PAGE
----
BCC's revenues and operating income have remained relatively flat, driven by portfolio run-off and aircraft sales, offset by modest new origination activity. Asset quality has also remained relatively stable over the years, as the company has worked through a number of credit issues within its portfolio and reduced overall risk resulting from a decrease in customer financing. Fitch believes that current loss reserves, the supportive aircraft financing environment, and improved airline credit fundamentals, provide adequate support relative to potential losses on receivables.
Boeing's most immediate peer is Airbus SE (A-/F2/Stable). Despite some convergence in credit profiles over the past several years, several key credit factors still differentiate the two companies' ratings. Cash flow generation is one of the key differentiators between Airbus and Boeing. Boeing has consistently achieved better FCF and FFO over the past decade, due to better program execution and lower investment needs despite higher dividend payments. Cash generation should continue to grow at both companies, but Boeing's cash flow advantage is likely to persist. Boeing's business profile is also modestly stronger than Airbus' because of a more diverse revenue mix between commercial and defense. Both companies have strong balance sheets and liquidity positions, with Airbus generally operating with a higher net cash position than Boeing. FX exposure is another key differentiator between Boeing and Airbus, with the former having little exposure and the latter have significant exposure, although Airbus has taken actions to lessen the situation.
Fitch's Key Assumptions Within Our Rating Case for the Issuer
The 737 MAX returns to service in some regions no later than the end of October 2019. Deliveries resume shortly after the plane returns to service;
BA builds working capital at a rate of as much as $1.5 billion per month as a result of the 737 MAX deliveries shut-down. This begins to reverse after deliveries resume, with some of the impact recovered during 2019 and the remainder recovered in 2020;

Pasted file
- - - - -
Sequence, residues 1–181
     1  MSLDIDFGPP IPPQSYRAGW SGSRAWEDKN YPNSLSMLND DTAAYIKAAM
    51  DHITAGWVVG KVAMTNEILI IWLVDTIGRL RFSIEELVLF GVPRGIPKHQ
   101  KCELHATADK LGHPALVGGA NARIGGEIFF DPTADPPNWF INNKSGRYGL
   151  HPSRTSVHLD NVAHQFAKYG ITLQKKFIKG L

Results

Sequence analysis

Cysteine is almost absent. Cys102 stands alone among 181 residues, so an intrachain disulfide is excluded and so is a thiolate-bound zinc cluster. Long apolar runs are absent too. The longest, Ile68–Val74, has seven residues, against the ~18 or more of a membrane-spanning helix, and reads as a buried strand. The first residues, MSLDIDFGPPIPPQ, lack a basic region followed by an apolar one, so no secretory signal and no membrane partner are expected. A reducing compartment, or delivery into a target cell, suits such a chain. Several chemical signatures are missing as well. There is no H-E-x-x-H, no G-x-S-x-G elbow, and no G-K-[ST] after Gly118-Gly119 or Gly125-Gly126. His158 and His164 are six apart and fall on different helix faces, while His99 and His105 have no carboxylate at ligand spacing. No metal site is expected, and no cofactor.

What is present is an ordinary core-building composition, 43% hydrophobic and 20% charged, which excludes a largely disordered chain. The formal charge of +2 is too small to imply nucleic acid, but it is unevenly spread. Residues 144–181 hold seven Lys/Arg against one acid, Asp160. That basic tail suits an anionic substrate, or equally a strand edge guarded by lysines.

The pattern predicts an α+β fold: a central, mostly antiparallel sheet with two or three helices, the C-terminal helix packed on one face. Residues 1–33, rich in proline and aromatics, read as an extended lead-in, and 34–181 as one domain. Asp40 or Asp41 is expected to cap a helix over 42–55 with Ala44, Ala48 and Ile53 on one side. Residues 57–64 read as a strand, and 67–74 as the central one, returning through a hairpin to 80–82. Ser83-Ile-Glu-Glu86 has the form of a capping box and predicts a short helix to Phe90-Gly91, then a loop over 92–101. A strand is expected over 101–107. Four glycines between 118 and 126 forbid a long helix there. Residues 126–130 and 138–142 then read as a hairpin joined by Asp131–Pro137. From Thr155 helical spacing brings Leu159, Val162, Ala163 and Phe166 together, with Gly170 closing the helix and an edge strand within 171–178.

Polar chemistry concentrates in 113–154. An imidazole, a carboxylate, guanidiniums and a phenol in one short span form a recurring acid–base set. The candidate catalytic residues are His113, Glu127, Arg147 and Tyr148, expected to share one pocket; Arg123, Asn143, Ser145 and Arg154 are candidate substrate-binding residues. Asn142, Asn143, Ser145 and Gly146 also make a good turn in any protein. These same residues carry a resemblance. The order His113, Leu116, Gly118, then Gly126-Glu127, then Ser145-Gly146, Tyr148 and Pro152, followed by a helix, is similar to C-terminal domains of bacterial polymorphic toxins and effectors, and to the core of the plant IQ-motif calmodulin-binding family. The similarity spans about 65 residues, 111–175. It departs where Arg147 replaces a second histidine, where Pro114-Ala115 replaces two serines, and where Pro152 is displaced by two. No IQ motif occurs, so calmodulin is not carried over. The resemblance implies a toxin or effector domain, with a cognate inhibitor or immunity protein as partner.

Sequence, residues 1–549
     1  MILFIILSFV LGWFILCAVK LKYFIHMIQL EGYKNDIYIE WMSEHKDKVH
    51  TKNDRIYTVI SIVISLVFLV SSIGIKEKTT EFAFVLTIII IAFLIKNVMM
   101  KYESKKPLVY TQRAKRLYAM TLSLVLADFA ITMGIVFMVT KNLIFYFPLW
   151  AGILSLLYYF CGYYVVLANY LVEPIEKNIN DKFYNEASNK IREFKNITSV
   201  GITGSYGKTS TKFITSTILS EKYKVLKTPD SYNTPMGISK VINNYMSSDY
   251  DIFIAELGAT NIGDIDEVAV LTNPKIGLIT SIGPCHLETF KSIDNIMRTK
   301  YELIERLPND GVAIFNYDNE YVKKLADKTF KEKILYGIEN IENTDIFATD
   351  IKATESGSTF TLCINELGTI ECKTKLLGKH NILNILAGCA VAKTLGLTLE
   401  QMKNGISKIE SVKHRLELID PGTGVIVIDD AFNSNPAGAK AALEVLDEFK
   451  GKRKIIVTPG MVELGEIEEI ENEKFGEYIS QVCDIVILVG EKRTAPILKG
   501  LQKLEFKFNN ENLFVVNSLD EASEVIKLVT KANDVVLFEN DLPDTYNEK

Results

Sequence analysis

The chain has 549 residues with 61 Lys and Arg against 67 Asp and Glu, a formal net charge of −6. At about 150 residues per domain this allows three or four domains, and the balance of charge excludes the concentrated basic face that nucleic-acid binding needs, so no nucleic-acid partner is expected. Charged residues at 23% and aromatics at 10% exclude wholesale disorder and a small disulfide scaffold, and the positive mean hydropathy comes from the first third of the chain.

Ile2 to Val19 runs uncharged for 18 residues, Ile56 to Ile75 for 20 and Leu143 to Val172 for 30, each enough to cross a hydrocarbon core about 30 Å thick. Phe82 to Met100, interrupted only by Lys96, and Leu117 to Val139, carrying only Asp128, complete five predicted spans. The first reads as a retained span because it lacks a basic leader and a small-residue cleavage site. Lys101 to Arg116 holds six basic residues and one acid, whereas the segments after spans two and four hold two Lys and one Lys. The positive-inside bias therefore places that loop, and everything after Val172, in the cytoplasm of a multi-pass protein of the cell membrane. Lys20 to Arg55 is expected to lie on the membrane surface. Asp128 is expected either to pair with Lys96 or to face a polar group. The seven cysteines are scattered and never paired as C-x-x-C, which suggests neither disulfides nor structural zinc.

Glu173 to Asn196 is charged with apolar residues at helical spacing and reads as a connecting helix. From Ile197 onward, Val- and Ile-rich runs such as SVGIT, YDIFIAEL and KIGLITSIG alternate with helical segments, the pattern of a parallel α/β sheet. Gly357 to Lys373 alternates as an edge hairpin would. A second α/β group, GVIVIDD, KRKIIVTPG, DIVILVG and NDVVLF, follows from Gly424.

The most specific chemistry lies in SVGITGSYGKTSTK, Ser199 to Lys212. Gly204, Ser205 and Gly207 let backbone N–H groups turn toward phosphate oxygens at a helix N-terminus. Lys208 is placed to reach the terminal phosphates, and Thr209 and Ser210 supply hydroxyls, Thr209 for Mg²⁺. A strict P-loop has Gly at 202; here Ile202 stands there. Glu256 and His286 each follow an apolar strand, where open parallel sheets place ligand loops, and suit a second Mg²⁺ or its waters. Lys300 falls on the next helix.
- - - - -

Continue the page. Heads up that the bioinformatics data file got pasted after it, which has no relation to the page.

Margins are negatively affected by MAX-related costs in 2019 through 2021, but remain solid for the rating;
BA moves the 737 production rate from the temporary 42/month level back to 52/month in the first quarter of 2020. The planned 737 rate change to 57/month is achieved in 2020;
The Boeing-Embraer commercial joint venture closes at the end of 2019. Boeing finances its $4.2 billion payment to Embraer with debt and also consolidates $3.5 billion of Embraer debt and an equal amount of cash;
Debt increases almost $10 billion in 2019 as a result of the Embraer transaction and some additional debt issuance. In 2020 and after Fitch assumes Boeing refinances all debt maturities in addition to issuing some incremental debt;
Share repurchases remain suspended through 2019, then resume in mid-2020;
Dividends rise steadily through the forecast period;
The 777X enters service in 2020, but there is a risk of a slip into 2021;
BA launches the NMA in 2020.
Developments That May, Individually or Collectively, Lead to Positive Rating Action
--Positive rating actions could be driven by an improvement in the company's credit profile from higher commercial aircraft deliveries, debt reduction and pension contributions;
--Several initiatives to boost margins, if successful, could also drive positive rating actions;
--Modifying the cash deployment strategy to have less focus on share repurchases could also lead to positive ratings actions.
Developments That May, Individually or Collectively, Lead to Negative Rating Action
--A negative action could be driven by material delays in returning the 737 MAX to service in some key regions beyond the end of 2019, with substantial order cancellations and related material cost increases;
--There could be a negative rating action if there are material negative developments with any of the company's other major programs leading to delivery delays, order cancellations, large additional costs or inventory write-downs;